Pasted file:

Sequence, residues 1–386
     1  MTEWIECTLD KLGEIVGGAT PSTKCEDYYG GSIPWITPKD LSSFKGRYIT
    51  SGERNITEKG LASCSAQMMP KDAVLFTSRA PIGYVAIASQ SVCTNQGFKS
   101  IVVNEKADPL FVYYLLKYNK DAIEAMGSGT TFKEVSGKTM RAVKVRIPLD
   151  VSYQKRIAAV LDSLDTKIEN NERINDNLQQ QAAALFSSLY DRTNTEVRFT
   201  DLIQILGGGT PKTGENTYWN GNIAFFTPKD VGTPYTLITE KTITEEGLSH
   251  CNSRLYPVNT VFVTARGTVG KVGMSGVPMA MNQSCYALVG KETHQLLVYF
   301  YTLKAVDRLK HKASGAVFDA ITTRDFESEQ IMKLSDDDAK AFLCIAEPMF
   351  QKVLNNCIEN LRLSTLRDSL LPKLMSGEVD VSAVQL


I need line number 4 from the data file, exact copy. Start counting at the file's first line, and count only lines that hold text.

   101  IVVNEKADPL FVYYLLKYNK DAIEAMGSGT TFKEVSGKTM RAVKVRIPLD